Aston Martin will use Honda engines in Formula 1 in 2026 as the Japanese manufacturer has confirmed it will be part of the next generation of engine regulations.
As revealed by The Race earlier this month, discussions between the two parties had progressed significantly and they were looking extremely likely to join forces.
Honda recently decided to green light a formal return to F1, effectively undoing a prior decision to quit, which allowed for the deal with Aston Martin to be finalised.
It means Aston Martin will have exclusive use of Honda’s new-for-2026 engine, after the Japanese manufacturer splits with Red Bull at the end of the current rules cycle in 2025.
Honda and Red Bull are separating as a direct consequence of Honda’s original choice to walk away from F1 formally at the end of 2021.
That led Honda to strike an engine supply deal with Red Bull covering the 2022-2025 season, to help its partner given Honda’s exit required Red Bull to work out a long-term alternative.
Red Bull’s solution was to set up its own engine programme at great expense and it has since drafted in Ford as a partner for 2026.
That came after failing to progress in discussions with Honda, which changed its mind about leaving F1 and started to seriously consider a new engine project for 2026 after all.
But Honda had not even committed to the new rules at this point and is believed to have wanted more technical input and less of a financial contribution than Ford agreed to.
Now it has. Having originally quit on the grounds it needed to prioritise carbon neutral projects, when it was most likely a need to curb a high-cost and low-return luxury, Honda believes F1’s 100% sustainable fuels and increased electrification for the 2026 engines are a good fit for the company’s own targets.
“One of the key reasons for our decision to take up the new challenge in F1 is that the world’s pinnacle form of racing is striving to become a sustainable racing series. This is in line with the direction Honda is aiming towards with carbon neutrality. So it will become a platform which will facilitate the development of our electrification technologies,” said Honda CEO Toshihiro Mibe.
“In light of these changes in F1, many young engineers at Honda have expressed their desire to take on new challenges in the pinnacle racing series, insisting that the new F1 regulations will enable us to compete head-on by fully leveraging the skills and technologies Honda has amassed to date.
“Such ambition to challenge the world’s top class of racing has always been a part of Honda’s DNA, dating back to the founding of our company.
“Taking these factors into consideration, including its effectiveness as an opportunity for human resource development, we affirmed that we could gain significant value from participation in F1.”
This era of Honda in F1 will be led by Honda Racing Corporation, which has previously been responsible for two-wheeled activities until a reshuffle last year moved four-wheel motorsport under the HRC umbrella as well.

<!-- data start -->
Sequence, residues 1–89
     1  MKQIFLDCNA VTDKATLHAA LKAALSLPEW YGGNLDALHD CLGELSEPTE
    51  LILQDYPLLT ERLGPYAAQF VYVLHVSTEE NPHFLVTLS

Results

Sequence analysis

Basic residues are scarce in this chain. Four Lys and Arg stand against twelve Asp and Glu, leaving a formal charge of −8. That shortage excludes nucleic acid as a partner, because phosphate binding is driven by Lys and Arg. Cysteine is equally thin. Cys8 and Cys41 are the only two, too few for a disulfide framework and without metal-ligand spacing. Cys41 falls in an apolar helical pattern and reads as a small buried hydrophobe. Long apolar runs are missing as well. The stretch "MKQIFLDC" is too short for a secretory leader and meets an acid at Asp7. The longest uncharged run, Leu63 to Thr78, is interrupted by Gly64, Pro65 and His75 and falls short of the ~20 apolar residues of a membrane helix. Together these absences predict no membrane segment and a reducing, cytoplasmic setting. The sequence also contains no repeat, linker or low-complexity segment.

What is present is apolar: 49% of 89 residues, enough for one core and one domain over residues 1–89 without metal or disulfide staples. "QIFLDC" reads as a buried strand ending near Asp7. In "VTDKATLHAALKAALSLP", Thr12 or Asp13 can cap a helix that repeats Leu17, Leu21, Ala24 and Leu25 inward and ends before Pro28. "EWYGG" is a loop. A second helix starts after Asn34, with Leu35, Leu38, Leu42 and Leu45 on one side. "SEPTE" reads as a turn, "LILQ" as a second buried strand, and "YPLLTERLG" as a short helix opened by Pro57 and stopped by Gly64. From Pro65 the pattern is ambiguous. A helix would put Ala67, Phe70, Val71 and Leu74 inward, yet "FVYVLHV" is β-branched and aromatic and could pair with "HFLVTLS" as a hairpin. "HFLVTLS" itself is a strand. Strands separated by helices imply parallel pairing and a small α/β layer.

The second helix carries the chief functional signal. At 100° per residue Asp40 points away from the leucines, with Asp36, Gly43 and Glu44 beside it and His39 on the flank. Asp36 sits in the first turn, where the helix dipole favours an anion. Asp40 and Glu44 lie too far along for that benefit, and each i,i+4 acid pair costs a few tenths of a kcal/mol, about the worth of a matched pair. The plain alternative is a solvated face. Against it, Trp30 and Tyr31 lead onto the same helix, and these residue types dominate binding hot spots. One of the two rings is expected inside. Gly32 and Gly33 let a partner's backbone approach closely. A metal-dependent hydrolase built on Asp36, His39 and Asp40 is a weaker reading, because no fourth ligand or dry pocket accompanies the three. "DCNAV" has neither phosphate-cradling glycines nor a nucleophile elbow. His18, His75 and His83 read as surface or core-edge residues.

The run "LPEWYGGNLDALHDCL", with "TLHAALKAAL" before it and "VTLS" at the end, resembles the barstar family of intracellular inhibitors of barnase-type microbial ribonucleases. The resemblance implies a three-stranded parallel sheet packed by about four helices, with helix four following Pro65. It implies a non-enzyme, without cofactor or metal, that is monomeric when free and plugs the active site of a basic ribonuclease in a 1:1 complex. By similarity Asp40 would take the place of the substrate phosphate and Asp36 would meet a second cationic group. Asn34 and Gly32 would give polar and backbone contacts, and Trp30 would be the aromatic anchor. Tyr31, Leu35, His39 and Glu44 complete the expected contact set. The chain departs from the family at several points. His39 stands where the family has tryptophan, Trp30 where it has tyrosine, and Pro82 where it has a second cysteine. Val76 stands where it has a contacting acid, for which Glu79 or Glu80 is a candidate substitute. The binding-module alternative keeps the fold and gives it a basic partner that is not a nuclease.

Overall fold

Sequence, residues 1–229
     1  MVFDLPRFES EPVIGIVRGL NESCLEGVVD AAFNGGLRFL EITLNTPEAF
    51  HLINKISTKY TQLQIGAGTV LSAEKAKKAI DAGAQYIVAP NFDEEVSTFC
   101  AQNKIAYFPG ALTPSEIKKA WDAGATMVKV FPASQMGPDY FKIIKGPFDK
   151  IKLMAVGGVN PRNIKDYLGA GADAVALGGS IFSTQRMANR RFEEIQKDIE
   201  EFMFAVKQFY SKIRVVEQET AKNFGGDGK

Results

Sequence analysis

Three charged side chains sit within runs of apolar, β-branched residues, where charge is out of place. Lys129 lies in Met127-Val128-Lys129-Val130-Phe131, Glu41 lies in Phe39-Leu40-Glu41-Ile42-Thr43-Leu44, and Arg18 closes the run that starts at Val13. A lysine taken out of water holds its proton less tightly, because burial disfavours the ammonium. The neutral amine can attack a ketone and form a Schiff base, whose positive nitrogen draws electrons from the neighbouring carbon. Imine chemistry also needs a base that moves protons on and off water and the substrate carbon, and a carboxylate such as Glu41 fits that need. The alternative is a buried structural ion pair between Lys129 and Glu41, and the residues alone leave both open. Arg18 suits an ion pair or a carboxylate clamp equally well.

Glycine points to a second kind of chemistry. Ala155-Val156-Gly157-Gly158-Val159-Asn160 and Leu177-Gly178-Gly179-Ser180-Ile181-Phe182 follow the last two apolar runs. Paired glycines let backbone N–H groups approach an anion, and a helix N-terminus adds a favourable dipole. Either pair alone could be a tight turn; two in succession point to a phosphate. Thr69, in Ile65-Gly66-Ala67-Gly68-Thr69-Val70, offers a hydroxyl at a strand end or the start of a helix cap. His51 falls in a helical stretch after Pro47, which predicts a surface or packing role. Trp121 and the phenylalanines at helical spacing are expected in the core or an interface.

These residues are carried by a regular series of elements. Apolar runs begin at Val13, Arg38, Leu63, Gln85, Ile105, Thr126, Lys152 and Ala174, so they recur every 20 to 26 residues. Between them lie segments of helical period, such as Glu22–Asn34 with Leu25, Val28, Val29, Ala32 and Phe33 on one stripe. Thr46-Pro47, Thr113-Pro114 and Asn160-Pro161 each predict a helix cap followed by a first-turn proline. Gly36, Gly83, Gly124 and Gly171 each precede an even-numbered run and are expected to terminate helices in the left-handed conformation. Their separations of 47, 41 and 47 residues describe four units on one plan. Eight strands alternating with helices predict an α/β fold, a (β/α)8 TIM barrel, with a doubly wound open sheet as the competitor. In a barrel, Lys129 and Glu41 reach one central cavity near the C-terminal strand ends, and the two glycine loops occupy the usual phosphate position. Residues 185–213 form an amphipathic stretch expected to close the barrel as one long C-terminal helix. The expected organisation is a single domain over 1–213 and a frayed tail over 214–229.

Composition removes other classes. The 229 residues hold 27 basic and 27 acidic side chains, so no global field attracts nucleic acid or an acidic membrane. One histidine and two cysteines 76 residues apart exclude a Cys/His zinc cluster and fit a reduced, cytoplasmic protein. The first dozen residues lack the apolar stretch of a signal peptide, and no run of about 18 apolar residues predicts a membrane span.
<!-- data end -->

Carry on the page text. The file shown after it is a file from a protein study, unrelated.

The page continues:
Honda confirmed its plans and its Aston Martin tie-up in a press conference in Japan, with Aston Martin chairman Lawrence Stroll joining Mibe and HRC president Koji Watanabe.
Aston Martin Performance Technologies CEO Martin Whitmarsh – who was a key figure in the original McLaren-Honda deal for 2015 at the start of the current engine era – has also been present in Tokyo this week.
Stroll called Honda a “global titan” while Whitmarsh said the works deal is “one of the last parts of the jigsaw puzzle” for Aston Martin’s long-term F1 plan.
Aston Martin, which is currently a Mercedes customer, has had designs on a works engine deal, to complement the significant investment from Stroll and his ownership consortium.
The team is about to move into a new factory, a new windtunnel and simulator are in the works too, and an engine partnership with Honda should give Aston Martin the opportunity to maximise its potential, given the prevailing view that a customer team cannot realistically win a championship.
This deal reunites Honda with ‘Team Silverstone’ as it supplied works engines to the team in its days as Jordan, which was preceded by the team’s Mugen-Honda partnership.
FIA president Mohammed Ben Sulayem, whose organisation named Honda as one of the registered manufacturers for 2026 months ago, said it showed the regulations developed by the FIA, F1 and current manufacturers “struck precisely the right balance to ensure that the FIA Formula 1 world championship remains at the forefront of technological innovation, sustainability and competition”.
“As we announced earlier in the year, no fewer than six of these industry leaders have registered their participation for the 2026-2030 regulations cycle – Alpine, Audi, Ferrari, Honda, Mercedes and Red Bull Ford – and I am very pleased that Honda has committed to return to the grid with the Aston Martin team,” he said.